Story time often lasts for an hour or more, never intentionally. The mouse has to find his new friends before it can end, but I can’t just make it easy for him. That mouse needs to learn some valuable lessons about others and why they act the way they act, first.
He tries a rat. And a raccoon. And a ferret. And a squirrel. They all turn him down.
Eventually he happens upon a giant orange sleeping cat who he’s understandably terrified of at first glance. He starts to tip-toe by, and as he does so, he pauses and watches her for a moment. He realizes that he’s never actually met a cat. He’s only been told that all cats are mean and that he should stay away from them all. Something tells him, not all cats are the same and he shouldn’t judge this cat before he meets her.
He cautiously nudges the cat awake, and asks her to be his friend. “I’ve never had a real friend,” the cat replies. “You’re a mouse and I’m a cat. Doesn’t that scare you?”
“Are you going to eat me?” Noah says.
The cat thinks for a moment. “No, not if we’re friends.”
“Good,” Noah replies. “I don’t care what other people think. Let’s be friends anyway.”
The cat agrees, and together they find even more friends and they all go have a party on the boat. Even the first fat mouse eventually shows up and asks to join them.
By the end of the story, Noah is hugging tight to my arm. He likes happy endings.
A few minutes later, I’m tucking him into his own bed, singing him a song about poop-corn and pee pie.
As I pick up the clutter from around the house before heading to bed a few hours later, I come across his iPad sitting in the middle of the living room floor, and I smile.
He was playing with it the day before when I first asked him if he wanted to practice some exercise ball tricks. He loves that iPad. He’s got hundreds of games and videos and learning programs on it. He could easily spend his entire day on that thing, yet the moment I asked if he wanted to play with me, he tossed it aside and screamed with excitement.
As I pick up the device and place it onto the charger, I am reminded of a lesson I have learned again and again since becoming a dad. There is nothing my son craves more than quality time spent laughing and learning with his father.
My son’s room is full of expensive toys and gadgets. He’s got remote control helicopters and Lego sets galore. He’s got an iPod, an iPad, and his own computer. He’s got robot bugs and Transformers, super hero action figures and light sabers. And still, there isn’t a thing he owns that he doesn’t immediately and happily toss aside when Dad walks into the room and invites him to play.
I live my professional life around technology. It’s why he has the iPad and the computer and many of the other gadgets he does. He is the lucky only child of a Dad who often upgrades to bigger and better things, and who then passes down his stuff to the only one who’s there to take it.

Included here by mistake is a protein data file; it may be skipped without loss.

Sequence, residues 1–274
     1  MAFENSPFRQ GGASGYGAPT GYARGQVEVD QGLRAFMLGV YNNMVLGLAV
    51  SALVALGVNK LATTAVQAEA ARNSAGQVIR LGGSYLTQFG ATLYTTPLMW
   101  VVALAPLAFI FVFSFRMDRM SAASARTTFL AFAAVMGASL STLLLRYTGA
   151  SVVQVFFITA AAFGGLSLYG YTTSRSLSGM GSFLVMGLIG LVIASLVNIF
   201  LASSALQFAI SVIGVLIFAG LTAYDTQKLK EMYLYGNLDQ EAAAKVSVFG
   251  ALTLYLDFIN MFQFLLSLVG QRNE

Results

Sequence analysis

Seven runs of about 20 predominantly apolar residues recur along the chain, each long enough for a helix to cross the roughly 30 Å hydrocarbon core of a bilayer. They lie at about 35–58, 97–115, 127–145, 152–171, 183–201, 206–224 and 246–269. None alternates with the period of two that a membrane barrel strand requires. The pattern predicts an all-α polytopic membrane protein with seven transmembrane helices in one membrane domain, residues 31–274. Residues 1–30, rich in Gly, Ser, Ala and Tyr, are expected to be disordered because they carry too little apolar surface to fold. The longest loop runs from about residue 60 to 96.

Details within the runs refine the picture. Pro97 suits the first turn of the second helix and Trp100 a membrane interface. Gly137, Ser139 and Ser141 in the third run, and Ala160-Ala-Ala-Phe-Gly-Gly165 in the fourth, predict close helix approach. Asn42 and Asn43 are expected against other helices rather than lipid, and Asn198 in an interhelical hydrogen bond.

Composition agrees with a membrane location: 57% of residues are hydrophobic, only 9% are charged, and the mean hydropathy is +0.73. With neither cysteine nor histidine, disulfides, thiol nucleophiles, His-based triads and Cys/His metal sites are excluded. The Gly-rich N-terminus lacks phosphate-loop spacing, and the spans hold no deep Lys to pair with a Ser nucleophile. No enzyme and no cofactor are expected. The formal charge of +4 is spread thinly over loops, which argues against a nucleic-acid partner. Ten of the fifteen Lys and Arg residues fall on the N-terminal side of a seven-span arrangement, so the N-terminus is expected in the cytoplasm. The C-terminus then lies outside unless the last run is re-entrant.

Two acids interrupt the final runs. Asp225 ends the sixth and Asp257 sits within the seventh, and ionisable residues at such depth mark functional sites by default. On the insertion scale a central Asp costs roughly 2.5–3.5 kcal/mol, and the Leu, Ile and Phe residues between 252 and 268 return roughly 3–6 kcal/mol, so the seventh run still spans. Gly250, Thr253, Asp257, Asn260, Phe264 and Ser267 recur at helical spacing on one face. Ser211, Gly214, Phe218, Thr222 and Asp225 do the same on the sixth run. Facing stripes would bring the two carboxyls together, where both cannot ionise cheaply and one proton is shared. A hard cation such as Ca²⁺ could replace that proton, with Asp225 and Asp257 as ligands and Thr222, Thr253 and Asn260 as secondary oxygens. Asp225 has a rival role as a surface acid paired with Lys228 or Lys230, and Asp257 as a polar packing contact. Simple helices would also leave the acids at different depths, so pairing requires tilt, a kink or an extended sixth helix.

I’ve often thought about whether or not it is healthy and okay for him to have all that stuff. The last thing I want is to raise a spoiled little brat.
As a parent, I don’t have all the answers of what is right and wrong. I don’t think that much of anything is ever universally right and wrong when it comes to parenting. What I can honestly say is this. I don’t believe there is anything wrong with a child having lots of things. I believe the problems arise and exist when things are used to raise the child.
In other words, parents who get their children stuff and use the stuff to keep from actually having to parent are probably going to have shitty kids.
Parents who know that their kids will want and remember the fun and all of the quality time, far more than they will want and remember the things we can buy them, will probably have awesome kids. So long as they set aside plenty of time to give that to them.
I’ve learned that there really is no perfect way to parent. There is no magic formula. Am I there in my kid’s life? Do I take the time to teach my kid? Do I do my best to be the kind of adult I’d like them to someday be? Do I apologize when I make a bone-headed parent move? Do I genuinely cherish my kid, faults and all? If so, then I’ll be all right. My kid will turn out all right.
I know because I make a lot of bone-headed moves as I raise my kid, and he’s still turning out pretty damn good.
Dan Pearce, from my book: The All-Important, Well-Fed, Giant White Man
Last Chapter: Who Stacked the Quarters?
Next up:*Finally* Waking-Up
If you would like to start from the beginning, or catch up on a missed chapter, you’ll find all the chapters I’ve published so far by clicking here.
Of course, this book is for sale on paperback, hard cover, or as an e-book. If you find yourself unable to live without a copy, I would *so* very much appreciate you ordering one. You can find it on Amazon here (paperback and Kindle). Or hardcover here. Or Nook here. Or iBooks here.